Voters line up to cast ballots in early Indonesia general election in Taiwan

In Taiwan, there are about 269,000 migrant workers from Indonesia

  298
Indonesian voters line up at a polling station near the Taipei Grand Mosque

Indonesian voters line up at a polling station near the Taipei Grand Mosque (By Taiwan News)

TAIPEI (Taiwan News) – Indonesian workers and students lined up at a polling station near the Taipei Grand Mosque in Taipei on Sunday to cast ballots in early Indonesian General Election.

The election is to elect an Indonesian president, vice president, and legislators (People Representative Council / DPR).

The overseas voters cast their ballots from April 8 -14, which is earlier than the voting day in Indonesia, which is on Wednesday, April 17.

It is Indonesia’s 5th overseas election held in Taiwan, with the first being held in 1999.

According to Taiwan's Ministry of Labor (MOL) statistics, there were about 269,000 migrant workers from Indonesia as of the end of January 2019, and they account for about 13.46% of Indonesia’s approximately two million overall overseas voters.

In 2019, there are 34 polling stations and four mobile polling stations, across Taiwan. The moobile polling stations are a special system for fishing crew members.

Voters who mostly are household assistants and caretakers and do not have much free time, along with those who are living in rural areas, can vote through the POST method by turning in the ballots they have received via the post office, according to Indonesian sources.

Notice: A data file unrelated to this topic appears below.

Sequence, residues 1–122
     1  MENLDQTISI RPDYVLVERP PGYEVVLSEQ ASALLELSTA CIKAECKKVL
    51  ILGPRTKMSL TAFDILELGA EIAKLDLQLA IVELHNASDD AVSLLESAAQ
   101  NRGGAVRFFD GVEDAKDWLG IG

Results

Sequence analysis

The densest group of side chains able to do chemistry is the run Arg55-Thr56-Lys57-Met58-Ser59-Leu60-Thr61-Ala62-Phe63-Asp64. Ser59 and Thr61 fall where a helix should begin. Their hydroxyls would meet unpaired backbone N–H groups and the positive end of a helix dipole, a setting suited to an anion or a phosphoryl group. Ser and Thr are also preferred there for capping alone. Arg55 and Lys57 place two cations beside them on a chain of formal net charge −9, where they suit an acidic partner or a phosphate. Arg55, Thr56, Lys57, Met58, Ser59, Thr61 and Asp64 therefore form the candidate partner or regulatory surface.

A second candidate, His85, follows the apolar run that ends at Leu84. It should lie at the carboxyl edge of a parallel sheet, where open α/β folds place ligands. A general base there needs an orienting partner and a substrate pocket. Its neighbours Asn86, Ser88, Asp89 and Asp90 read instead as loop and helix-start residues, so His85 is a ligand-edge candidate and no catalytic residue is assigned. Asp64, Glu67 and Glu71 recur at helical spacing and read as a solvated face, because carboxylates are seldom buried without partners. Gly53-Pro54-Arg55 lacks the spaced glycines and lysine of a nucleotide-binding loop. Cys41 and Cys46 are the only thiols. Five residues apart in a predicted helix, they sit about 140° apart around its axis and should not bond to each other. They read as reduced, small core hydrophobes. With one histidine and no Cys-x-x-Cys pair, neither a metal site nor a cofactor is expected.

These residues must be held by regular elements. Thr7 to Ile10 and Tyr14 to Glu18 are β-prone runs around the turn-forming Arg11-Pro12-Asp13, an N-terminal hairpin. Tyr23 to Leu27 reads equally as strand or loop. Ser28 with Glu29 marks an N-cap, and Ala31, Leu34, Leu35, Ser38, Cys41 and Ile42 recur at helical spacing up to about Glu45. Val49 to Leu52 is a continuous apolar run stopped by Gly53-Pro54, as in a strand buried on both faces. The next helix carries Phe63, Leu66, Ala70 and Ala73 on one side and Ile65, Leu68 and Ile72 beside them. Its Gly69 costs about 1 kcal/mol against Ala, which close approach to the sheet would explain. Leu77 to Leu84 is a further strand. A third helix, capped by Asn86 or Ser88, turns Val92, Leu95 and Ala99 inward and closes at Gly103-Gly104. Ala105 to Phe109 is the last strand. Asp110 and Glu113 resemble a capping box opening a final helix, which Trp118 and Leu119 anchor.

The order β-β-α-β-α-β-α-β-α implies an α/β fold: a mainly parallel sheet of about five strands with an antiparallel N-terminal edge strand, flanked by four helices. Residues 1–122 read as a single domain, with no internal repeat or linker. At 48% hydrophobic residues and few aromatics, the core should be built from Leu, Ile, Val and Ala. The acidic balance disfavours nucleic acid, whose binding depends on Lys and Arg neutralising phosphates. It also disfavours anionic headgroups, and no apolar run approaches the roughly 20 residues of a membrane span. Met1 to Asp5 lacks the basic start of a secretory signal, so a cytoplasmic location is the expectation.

In an earlier letter to Taiwan's employers of registered Indonesians, Didi Sumedi, head of the Indonesian Economic and Trade Office (IETO), asked them to give their employees the day off on April 14 so they can vote, stating that the election is very meaningful to the future development of Indonesia.

After the polls close, all the ballots will be gathered and counted at the IETO, and the vote counting might take five to six days, according to an Indonesian police officer at the polling station near the Taipei Grand Mosque. He said Indonesia sent three law enforcement officers to Taiwan for the election, and they will station in Taiwan for about two weeks to work with Taiwanese police to secure the polling stations across Taiwan, and to make sure law and order are followed.

He said they will also monitor the vote counting at the IETO.

An Indonesian voter who is a college student in Taiwan said he felt lucky to be able to vote in Taiwan for the first time, adding that he had never thought he would be able to do that before coming here about four years ago.

Another voter who is a caretaker said her employer let her have Sunday off so she could go and vote. She said that she was very happy to be able to vote in Taiwan as the election and the democratic system is very important to her country.

Indonesian voters line up at a polling station near the Taipei Grand Mosque.

Indonesian voters line up at a polling station near the Taipei Grand Mosque.

The Taipei Grand Mosque.